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No tourists in Tijuana

TIJUANA, Mexico — In a starkly empty store filled with colorful Indian dresses, sprawling sombreros and quarts of tequila, vendor Humberto Beltran flicked angrily through the sales log. “Look what we’ve sold this week. Today — nothing; yesterday — $5; the day before — $2,” he moaned, waving his hand across the empty pages. “We can’t live on this. What are we going do?”

Record number of guns in Mexico traced to the US

SAN ANTONIO — In 2008, a year during which more than 7,000 Mexicans were killed in drug violence, a record number of weapons confiscated in Mexico were traced to U.S. retailers, according to the latest available government data obtained by GlobalPost. The number of traced firearms that originated in the U.S. — 12,073 — is by far the most ever recorded in one year since the U.S. Bureau of Tobacco, Alcohol, Firearms and Explosives began tracing Mexico's seized guns in 2005.

A World of Trouble, the sequel

BOSTON — As the global economic meltdown deepened two months ago, we wondered how the crisis was playing out — on the ground and in real time — in all corners of the world. So we set loose 20 correspondents in 20 countries — from high-fliers China and India, to economic powerhouses Japan and Brazil, to struggling economies across Europe, Africa and the Middle East. They came back with this depressing picture.

A war they can win?

Sizing up Mexico's war on drugs

SAN DIEGO — As parties to a complicated marriage born of an even more complicated history, Americans and Mexicans don’t always agree on much. But, unfortunately, and in a most depressing way, many people on both sides of the border seem to agree on at least two things: (1) Mexican President Felipe Calderon is right to be battling those ruthless drug cartels in Mexico; and (2) it’s a match-up that Calderon is destined to lose.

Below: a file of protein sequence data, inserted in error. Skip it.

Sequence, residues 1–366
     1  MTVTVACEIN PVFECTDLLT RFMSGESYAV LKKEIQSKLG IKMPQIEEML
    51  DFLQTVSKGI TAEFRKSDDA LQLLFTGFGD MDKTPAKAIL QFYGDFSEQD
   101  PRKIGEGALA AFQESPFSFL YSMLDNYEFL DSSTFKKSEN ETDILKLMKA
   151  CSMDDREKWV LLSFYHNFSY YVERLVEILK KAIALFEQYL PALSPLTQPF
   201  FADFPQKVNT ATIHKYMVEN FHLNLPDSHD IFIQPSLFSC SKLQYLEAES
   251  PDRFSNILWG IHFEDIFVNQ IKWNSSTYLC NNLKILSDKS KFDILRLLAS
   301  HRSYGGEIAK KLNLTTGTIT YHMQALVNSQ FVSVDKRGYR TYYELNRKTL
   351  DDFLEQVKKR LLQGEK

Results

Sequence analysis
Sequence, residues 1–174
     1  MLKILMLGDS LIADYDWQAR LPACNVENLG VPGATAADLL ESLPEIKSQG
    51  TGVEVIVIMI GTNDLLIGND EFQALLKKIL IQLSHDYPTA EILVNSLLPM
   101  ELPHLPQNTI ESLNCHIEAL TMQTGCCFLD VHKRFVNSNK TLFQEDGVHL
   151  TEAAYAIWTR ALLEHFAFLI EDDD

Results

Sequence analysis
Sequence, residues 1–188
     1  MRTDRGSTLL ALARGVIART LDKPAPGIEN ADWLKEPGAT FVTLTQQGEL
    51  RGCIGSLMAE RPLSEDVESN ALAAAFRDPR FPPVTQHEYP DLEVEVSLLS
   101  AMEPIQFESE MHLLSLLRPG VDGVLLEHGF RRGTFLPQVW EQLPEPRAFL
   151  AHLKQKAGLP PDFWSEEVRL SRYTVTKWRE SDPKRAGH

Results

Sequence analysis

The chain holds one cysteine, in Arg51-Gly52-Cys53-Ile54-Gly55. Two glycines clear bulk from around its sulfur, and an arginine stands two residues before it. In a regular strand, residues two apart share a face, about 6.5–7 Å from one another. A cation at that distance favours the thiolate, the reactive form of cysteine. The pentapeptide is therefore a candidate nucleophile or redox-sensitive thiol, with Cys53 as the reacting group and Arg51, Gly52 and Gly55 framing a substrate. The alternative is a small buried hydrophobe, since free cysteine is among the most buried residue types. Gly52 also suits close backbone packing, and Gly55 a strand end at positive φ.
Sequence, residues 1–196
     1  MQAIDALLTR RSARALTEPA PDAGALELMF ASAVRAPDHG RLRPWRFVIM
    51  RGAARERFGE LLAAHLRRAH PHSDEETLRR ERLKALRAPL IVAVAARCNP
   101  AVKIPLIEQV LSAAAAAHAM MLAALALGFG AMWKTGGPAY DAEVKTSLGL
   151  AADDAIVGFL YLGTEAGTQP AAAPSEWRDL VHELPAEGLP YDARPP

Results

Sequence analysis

Heavy security greets Obama in Mexico City

Top News: The media was obsessed by the visit of America’s first black president. Barack Obama touches down in Mexico City on April 16, his first time in Latin America as head of state. South of the border, the newspapers were less interested in the first dog making headlines in the U.S. media and more in the huge security around Obama’s visit.

Guatemala: the next to fall?

While U.S. attention has rightly been focused on Mexico's drug wars — with high-profile trips by President Obama and Secretary of State Hillary Clinton before this weekend's Summit of the Americas — Mexico's southern neighbor is in far more serious danger of becoming a failed state. Reeling from gangs, corruption and pervasive poverty, Guatemala now faces well-armed, well-financed drug cartels.

What do you know? (Mexico edition)

U.S. President Barack Obama traveled to Mexico this week. How smart are you about our neighbor:

Obama grapples with Mexico’s “lightning war”

TIJUANA, Mexico — The policemen had stopped their squad car for a few seconds on a major avenue in this burgeoning border city on Saturday evening when Kalashnikov bullets flew out of a passing Plymouth Voyager. Enrique Monge, a 31-year-old beat cop, returned fire but his effort was in vain. A cap shot through his waist and scattered into several vital organs and he died hours later in hospital.

All eyes on Mexico

As President Obama prepares for his first trip to Latin America tomorrow, GlobalPost's crack marketing team took a step back and looked at our coverage. They came up with this list of 10 shocking facts about Mexico's drug war that we thought we should share: 1 A recent U.S. government report suggests that “Two large and important states bear consideration for a rapid and sudden collapse: Pakistan and Mexico.”
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